Creating an above ground interim storage facility (CISF) for nuclear waste simply kicks the can down the road for the next generation to tackle. New Mexico legislators are focused on stopping nuclear waste, including spent fuel, from power plants across the United States from being dumped in an above ground facility near Carlsbad. The Nuclear Regulatory Commission (NRC) has decided to put 173,600 tons of nuclear waste above ground on top of the earthquake prone Permian Basin, in a CISF.
The Senate Judiciary Committee just heard SB-53 introduced by Senator Jeff Steinborn (D-Doña Ana). The bill and its companion bill, counties, would amend the state’s Radioactive & Hazardous Materials Act to prohibit state agencies from issuing permits to store high-level radioactive waste. SB-53 was recently advanced by the Senate Conservation Committee on a 6-1 vote and was sent to the Senate Judiciary Committee for consideration before a vote on the Senate Floor. Bernalillo and Doña Ana counties recently passed resolutions in opposition to the CISF. The resolution opposed transporting the waste through the county and called on lawmakers to pass a bill to block its construction.
New Mexico’s Radioactive Waste Consultation Task Force would be expanded under SB- 53 to include, secretary of the Department of Homeland Security and Emergency Management; the secretary of the Department of Indian Affairs and the commissioner of public lands. Previously the task force only dealt with federal facilities; under the bill they would also deal with private facilities.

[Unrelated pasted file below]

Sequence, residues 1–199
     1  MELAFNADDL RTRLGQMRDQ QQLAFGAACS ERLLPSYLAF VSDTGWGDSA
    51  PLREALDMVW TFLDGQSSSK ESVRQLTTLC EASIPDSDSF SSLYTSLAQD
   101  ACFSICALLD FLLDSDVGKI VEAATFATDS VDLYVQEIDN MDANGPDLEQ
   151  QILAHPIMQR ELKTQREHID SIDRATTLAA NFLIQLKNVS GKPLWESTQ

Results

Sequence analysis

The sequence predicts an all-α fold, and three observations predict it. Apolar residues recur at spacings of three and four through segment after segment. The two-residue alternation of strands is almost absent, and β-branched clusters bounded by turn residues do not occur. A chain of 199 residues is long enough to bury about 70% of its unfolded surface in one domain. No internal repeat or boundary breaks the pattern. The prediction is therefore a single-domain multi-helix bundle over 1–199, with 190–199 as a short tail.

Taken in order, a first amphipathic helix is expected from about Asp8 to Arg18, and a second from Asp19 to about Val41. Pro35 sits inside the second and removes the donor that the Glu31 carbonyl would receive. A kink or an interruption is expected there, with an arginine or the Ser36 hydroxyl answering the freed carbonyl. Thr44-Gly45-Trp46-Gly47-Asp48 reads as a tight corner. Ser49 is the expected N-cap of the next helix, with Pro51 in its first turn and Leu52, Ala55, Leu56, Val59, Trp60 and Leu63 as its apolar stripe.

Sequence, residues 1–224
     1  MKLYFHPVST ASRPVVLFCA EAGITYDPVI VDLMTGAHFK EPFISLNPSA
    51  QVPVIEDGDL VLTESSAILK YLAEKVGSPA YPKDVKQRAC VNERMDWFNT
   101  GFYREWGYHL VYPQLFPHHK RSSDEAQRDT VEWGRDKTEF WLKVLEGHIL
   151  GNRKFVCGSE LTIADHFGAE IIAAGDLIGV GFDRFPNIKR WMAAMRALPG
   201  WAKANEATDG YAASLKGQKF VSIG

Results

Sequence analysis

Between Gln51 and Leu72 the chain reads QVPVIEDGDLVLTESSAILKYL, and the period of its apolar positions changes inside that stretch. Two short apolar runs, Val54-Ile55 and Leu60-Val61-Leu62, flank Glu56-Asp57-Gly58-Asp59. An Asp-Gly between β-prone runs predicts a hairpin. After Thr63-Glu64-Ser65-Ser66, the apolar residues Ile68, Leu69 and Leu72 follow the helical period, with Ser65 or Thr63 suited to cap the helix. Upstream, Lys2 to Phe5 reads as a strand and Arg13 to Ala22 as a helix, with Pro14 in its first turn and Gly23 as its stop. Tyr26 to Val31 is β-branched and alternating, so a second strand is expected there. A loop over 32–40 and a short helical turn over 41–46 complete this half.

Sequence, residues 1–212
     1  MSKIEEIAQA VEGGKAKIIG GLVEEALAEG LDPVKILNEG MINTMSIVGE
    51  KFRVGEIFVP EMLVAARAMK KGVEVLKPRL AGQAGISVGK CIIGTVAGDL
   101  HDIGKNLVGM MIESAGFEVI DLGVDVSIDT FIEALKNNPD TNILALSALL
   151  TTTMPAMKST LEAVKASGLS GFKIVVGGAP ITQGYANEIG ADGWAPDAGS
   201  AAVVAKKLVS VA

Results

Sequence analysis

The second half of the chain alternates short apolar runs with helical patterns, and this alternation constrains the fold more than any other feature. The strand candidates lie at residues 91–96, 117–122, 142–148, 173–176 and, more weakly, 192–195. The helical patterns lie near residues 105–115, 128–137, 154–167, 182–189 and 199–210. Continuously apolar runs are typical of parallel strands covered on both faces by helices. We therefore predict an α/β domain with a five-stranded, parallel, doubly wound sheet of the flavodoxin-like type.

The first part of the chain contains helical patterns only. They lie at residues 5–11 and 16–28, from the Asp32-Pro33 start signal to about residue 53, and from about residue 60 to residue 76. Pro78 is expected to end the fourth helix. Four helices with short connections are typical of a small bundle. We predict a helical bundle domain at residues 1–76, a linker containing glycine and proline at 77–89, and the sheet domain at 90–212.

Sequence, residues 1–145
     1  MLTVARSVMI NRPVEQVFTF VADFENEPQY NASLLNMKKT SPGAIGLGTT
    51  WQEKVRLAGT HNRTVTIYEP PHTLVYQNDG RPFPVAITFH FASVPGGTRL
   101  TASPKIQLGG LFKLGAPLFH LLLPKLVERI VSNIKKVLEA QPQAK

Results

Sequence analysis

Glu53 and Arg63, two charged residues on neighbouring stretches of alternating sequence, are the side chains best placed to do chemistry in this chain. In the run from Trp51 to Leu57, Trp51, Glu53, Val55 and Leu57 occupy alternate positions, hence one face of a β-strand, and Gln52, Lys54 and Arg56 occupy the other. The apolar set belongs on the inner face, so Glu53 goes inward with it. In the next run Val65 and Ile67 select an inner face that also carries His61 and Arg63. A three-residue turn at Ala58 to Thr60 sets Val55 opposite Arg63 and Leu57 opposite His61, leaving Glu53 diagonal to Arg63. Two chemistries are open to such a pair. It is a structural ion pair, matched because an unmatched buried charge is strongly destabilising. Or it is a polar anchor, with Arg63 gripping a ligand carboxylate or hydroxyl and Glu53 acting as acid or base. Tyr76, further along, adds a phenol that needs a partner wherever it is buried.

Steinborn said the storage facility was not something that New Mexico asked for, although some people in the Carlsbad area support it. The Eddy-Lea Energy Alliance composed of city and county leaders from Carlsbad, Hobbs, Eddy and Lea counties own the land near Carlsbad and Hobbs in the Permian Basin where the CISF would be placed. The Alliance recruited Holtec International to propose a plan for a nuclear waste site. A recent poll by the Center for Civic Policy and the Center for Civic Action showed that 60% of voters surveyed oppose the project, including those living in southeastern New Mexico where the site would be located.
None of leaders of western states want the nuclear waste . The Western Governors Association passed a resolution that demands no CISF be built or operated within a state without written consent from that state’s governor. Governor Lujan Grisham has called the CISF “economic malpractice” for its potential of imperiling nearby oil and gas operations and asked New Mexico lawmakers for 2023 legislation to block it.
Holtec’s plan is that nuclear waste shipments would arrive at the final rail spur through Clovis, Portales, Roswell, and Carlsbad after coming in through all parts of the state. During the public comment period, a representative from Holtec said the transportation and storage of radioactive waste would be done in a safe manner and that it is extremely unlikely that anything would happen that could lead to the radioactive material being released into the environment.